Though the choice seems obvious to Zacharias, some families aren’t willing to accept the rules in exchange for a roof over their heads. Thirty percent of FFH families eventually opt out of the program, Zacharias said.
“I had one family say, ‘I don’t like your hours,'” she said. “I think that is completely your choice, as much as I’m thinking, ‘You’re sleeping in your car.’ I would choose different. I would choose warm, safe housing with food and support over ‘I don’t like your hours.'”
“I feel like I’m always the bad kid when it comes to rapid rehousing meetings,” she said. “People say ‘They get into your program and everybody succeeds.’ That’s not the case. … Almost 60 percent don’t make it.”
For those who do, hurdles are significant in a city where the median rent for a two-bed, two-bathroom apartment is almost $1,400 and the apartment vacancy hovers at less than 2 percent.
Affordable housing options, such as Neighbor to Neighbor, CARE Housing and Fort Collins Housing Authority, come with wait lists that can stretch months, if not years. Most people, including Martin, sign up for most or all available programs in hopes that just one will come through for them.
“There’s no way around the wait,” said Shyla Letizia, family to family transition facilitator at The Matthews House. Letizia works with families, including Martin and Zayden, who are referred to the program and need extra support in tackling their goals. “But I feel that if you’re conquering other goals, you will just see that housing process move along for you.
There’s a notebook displayed on a shelf in Zacharias’ office: “Artwork by Zayden Slone.” Weeks ago, Zayden began collecting the art that will decorate his future home.
Every day, he comes into Zacharias’ office and starts a new masterpiece. When Martin and Zayden get the call that they’ve been accepted into housing, Zacharias will frame Zayden’s creations, colorful drawings and craft projects that show his hope for a better future.
“This is new. I haven’t seen this one,” she said, thumbing through the notebook’s pages. “He’s preparing. He’s just preparing for his permanent home. I think it’s going to be good for them soon.”
Martin’s ultimate goal is to get accepted as a Habitat for Humanity family so she can build a permanent home that she’ll pass onto Zayden.
In the past six months, the precocious little boy has been the single mom’s driving force. She wouldn’t have left a cycle of domestic violence were it not for her love for Zayden, who she hid with in the bathroom in Arizona. They played games with the water running to buy them a brief reprieve from violence.
With her son’s future in mind, Martin was recently accepted into Project Self-Sufficiency, a program that supports single parents. Soon, Zacharias and FFH volunteers will teach her to drive so she can ditch her daily bus commutes.
“For Fawn, nothing’s unachievable, and all of the goals she’s set are dreams she’s had for herself and for Zayden,” Letizia said. “She’s making them a reality.”
Reaching her goals is more than a full-time job. But looking back at what she’s accomplished since freeing herself from abuse brings Martin to tears. She no longer hears, “You’re stupid” every day — and she finally believes she’s not.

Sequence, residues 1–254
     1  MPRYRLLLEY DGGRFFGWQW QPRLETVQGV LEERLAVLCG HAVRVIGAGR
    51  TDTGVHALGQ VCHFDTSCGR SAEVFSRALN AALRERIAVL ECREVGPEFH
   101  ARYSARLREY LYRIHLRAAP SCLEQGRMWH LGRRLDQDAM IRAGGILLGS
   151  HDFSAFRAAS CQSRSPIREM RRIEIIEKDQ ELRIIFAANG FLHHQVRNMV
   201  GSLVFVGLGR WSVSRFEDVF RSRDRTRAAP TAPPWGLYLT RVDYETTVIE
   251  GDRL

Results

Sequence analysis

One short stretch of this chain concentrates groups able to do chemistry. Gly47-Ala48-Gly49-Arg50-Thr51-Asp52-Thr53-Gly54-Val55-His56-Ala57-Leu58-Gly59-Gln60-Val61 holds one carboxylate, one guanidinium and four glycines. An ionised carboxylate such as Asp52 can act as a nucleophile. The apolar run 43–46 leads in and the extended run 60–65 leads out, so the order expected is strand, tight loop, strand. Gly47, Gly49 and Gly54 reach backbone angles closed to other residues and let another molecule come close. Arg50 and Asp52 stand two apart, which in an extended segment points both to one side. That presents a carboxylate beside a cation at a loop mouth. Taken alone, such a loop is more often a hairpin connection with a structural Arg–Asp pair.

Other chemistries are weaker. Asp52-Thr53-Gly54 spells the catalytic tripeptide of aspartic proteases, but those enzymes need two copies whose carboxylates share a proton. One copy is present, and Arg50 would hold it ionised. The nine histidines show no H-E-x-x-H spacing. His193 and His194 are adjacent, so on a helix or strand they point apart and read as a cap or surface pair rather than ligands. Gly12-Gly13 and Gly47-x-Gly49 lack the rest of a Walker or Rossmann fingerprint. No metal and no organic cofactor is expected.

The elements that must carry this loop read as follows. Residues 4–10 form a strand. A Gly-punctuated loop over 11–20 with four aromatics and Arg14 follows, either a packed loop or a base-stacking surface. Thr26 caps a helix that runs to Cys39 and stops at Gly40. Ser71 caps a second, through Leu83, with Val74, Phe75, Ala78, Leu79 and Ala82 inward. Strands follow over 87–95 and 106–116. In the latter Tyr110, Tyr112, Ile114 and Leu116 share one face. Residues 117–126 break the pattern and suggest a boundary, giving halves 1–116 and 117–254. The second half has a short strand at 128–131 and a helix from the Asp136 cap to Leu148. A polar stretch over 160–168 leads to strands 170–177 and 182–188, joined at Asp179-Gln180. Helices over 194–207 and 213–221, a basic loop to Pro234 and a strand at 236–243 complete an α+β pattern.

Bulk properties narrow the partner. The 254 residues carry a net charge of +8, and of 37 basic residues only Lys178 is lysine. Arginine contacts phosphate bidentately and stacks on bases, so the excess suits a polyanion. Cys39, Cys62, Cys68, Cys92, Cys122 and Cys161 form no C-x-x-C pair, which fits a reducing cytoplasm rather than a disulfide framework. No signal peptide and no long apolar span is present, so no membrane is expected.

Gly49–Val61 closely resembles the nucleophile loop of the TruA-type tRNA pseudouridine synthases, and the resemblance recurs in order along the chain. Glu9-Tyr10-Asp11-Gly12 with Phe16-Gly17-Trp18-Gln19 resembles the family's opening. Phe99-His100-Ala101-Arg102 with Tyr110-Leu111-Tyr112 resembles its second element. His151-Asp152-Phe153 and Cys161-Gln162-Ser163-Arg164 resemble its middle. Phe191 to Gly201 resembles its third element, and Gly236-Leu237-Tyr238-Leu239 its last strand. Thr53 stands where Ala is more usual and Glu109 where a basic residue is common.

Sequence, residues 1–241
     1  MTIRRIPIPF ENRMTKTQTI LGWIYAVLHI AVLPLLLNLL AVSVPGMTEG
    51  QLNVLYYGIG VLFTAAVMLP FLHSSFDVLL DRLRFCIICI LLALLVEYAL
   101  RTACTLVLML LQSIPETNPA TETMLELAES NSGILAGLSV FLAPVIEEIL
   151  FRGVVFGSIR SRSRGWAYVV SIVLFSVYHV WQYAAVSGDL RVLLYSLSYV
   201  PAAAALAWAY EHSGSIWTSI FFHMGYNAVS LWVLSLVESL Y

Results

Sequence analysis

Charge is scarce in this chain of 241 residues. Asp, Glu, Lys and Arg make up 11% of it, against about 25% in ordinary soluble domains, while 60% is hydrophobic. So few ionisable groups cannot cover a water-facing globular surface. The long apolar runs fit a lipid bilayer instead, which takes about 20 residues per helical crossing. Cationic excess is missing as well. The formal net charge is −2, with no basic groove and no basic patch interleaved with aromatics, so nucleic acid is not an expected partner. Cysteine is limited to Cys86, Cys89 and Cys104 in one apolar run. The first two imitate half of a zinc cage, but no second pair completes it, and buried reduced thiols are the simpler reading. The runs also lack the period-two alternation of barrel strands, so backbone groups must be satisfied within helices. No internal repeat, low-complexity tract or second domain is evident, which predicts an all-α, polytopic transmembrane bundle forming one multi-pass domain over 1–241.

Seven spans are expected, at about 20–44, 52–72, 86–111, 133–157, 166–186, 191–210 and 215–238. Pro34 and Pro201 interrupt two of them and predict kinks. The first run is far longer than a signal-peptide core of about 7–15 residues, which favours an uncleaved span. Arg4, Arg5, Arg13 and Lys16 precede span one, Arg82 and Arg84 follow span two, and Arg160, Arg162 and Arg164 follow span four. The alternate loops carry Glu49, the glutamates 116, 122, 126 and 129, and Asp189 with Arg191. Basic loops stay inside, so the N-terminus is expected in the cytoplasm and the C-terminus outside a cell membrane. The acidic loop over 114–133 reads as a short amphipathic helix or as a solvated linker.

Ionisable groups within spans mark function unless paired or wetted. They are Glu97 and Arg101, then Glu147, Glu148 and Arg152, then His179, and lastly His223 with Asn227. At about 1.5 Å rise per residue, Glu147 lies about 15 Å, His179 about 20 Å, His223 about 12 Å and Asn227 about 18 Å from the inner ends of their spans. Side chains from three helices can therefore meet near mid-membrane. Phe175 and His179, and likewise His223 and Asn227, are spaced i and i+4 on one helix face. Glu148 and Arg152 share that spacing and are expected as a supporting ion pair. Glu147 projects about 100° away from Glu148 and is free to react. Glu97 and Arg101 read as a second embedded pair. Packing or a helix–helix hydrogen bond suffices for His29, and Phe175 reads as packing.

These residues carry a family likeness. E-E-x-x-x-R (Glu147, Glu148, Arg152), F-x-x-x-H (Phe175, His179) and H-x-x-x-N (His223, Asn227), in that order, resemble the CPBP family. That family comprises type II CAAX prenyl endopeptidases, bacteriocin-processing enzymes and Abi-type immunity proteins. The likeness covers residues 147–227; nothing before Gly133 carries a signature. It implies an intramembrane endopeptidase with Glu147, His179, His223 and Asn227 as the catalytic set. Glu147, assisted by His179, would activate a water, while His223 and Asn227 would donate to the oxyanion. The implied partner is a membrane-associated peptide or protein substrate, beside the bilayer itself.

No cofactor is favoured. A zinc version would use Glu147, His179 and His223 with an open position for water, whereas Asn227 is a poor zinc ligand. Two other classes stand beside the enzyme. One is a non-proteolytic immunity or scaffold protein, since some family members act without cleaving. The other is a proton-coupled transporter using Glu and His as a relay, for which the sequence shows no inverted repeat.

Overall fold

“I never thought I would be able to do any of this,” she said. “I’m so determined to make Fort Collins our home. I’m so determined because it’s been everything for us.”
- Properties: 324 apartments, 287 of which are classified as IRS code tax credit affordable housing for families
- People: Households earning between 30 percent and 60 percent of the area median income (AMI), $53,755. A Windsor property serves households at 50 percent AMI and accepts housing vouchers.
- Wait list: Anywhere from “a couple of months to a couple of years,” according to Resident Services Manager Morgan Krueger. The wait list is 365 households long.
Fort Collins Housing Authority
- Properties: 154 public housing units in Fort Collins, 42 in Wellington. The agency’s Villages housing have 703 units with 168 more under development. Fort Collins Housing authority can provide up to 1,169 housing vouchers, which are worth $1,023 for a two-bedroom apartment in the area, at one time.
- People: Public housing serves families earning up to 80 percent AMI. Villages properties serve people at 30 percent to 60 percent AMI. Housing vouchers are available to households earning less than 50 percent AMI.
- Wait list: No applications are available for public housing and the wait list is closed. Villages properties don’t have wait lists. About eight housing vouchers become available each month but are typically restricted for special populations.
- Properties: 63 units in Fort Collins
- People: Households earning between 40 percent and 60 percent AMI.
- Wait list: Varies, typically a few months or more
Neighbor to Neighbor
- Properties: 126 affordable apartments — 14 in Loveland and 112 in Fort Collins.
- People: 94 percent of Neighbor to Neighbor apartments serve households earning less than 50 percent AMI. The rest serve households earning less than 60 percent AMI.
- Wait list: Up to two years for two-bedroom housing, with 200 families on the wait list, or up to three years for three-bedroom housing, with 69 families on the wait list.